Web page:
Management

//Management
Management 2017-05-22T03:44:53+00:00

Management

Joint Management Plan

The lake is subject to a Joint Management Plan between the Department of Conservation and Te Runanaga o Ngai Tahu. This is a statutory plan which aims for integrated management of the natural and historic resources in the plan area, for Mahinga Kai and conservation purposes.

Monitoring, drain management, reserve management

The Canterbury Regional Council is responsible for water-quality monitoring in the lake and tributaries, pest management, and maintaining a system of drains in the Halswell Drainage District. The Selwyn District and the Christchurch City Councils manage networks of drains and lakeside recreation reserves and are responsible for the protection of natural resources in their districts.

Lake opening

The lake is opened mechanically approximately three times a year to manage for a range of values, including wildlife, wetland vegetation and fish habitat, mahinga kai, customary fisheries, water quality, summer levels, land inundation, waterway networks and infrastructure, and fish migration for a variety of species in Autumn and Spring. Lake opening criteria are set by a National Water Conservation Order and by resource consents under the RMA, which include research projects on the effects of lake-opening, and consultation with interested parties.

Water Conservation Order

The Water Conservation Order application was first lodged in 1988, and the accompanying report sets the out reasons why the Lake was considered outstanding for wildlife habitat, particularly for waterfowl and wading birds.

In December 2010 the Department of Conservation and Ngai Tahu applied for a variation to the existing Water Conservation Order which, amongst other things, proposed that further categories of outstanding feature be added.

A hearing in May/June 2011 to consider submissions resulted in recommended changes to the National Water Conservation Order (WCO).  Environment Canterbury accepted these recommendations and forwarded them to the Minister for the Environment.  The changes were gazetted in August 2011 and  are effective from September 22, 2011. The current WCO can be read here.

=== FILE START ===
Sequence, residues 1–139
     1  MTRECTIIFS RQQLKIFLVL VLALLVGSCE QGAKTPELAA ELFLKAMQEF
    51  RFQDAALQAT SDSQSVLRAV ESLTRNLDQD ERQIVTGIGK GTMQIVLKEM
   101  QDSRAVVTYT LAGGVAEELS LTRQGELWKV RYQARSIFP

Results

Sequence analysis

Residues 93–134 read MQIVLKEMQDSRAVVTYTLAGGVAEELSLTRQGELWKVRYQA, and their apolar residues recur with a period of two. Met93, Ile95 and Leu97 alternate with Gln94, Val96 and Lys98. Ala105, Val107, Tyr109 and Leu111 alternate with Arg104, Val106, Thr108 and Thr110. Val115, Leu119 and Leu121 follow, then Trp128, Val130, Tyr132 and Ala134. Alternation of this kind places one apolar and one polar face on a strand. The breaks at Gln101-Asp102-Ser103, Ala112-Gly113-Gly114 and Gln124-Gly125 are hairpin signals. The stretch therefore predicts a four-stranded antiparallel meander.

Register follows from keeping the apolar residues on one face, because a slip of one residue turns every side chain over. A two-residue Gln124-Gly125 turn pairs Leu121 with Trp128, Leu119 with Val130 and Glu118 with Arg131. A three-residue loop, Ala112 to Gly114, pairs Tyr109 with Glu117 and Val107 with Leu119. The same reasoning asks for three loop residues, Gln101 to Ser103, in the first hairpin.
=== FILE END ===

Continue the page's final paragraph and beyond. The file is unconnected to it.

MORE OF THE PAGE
Current Resource Consent for Lake Opening

The Hearing Commissioners decision on the new joint resource consent application by Te Runanga o Ngai Tahu and Environment Canterbury was received on Wednesday 22 January 2014. The decision was to grant the application for a period of 15 years subject to a suite of mitigation measures. You can read the decision here.

Research reports (2014)

One of the conditions of the current resource consent is the preparation of reports on the research and monitoring undertaken as a condition of the resource consent.  Copies of the reports can be obtained from Environment Canterbury:

1:            Results of coastal erosion monitoring for previous 12 months
2:            Results of in-lake monitoring for previous 12 months
3:            Results of the off-shore monitoring for previous 12 months
4:            A programme for monitoring the effects of coastal plume
5:            Proposal: investigation on summer Lake Levels
6:            Information on openings for last 12 months. Note: a mechanical closure has never been attempted so is not part of the dataset.

Restoring Te Waihora – a presentation

In February 2013 Ken Hughey, WET Trustee and Professor of Environmental Management at Lincoln University, presented to Selwyn District Council on the management of the Lake. The presentation was similar to ones given at the 2012 National Wetland Symposium and the 2012 WET AGM and can be seen here.

The 2006 decision by Hearing Commissioner Dr Brent Cowie on current Lake opening protocols can be found here.

 

Lake is currently:OPEN to the sea Latest lake level reading:0.64m wind affected average lake level recorded on October 16, 2017 READ MORE >>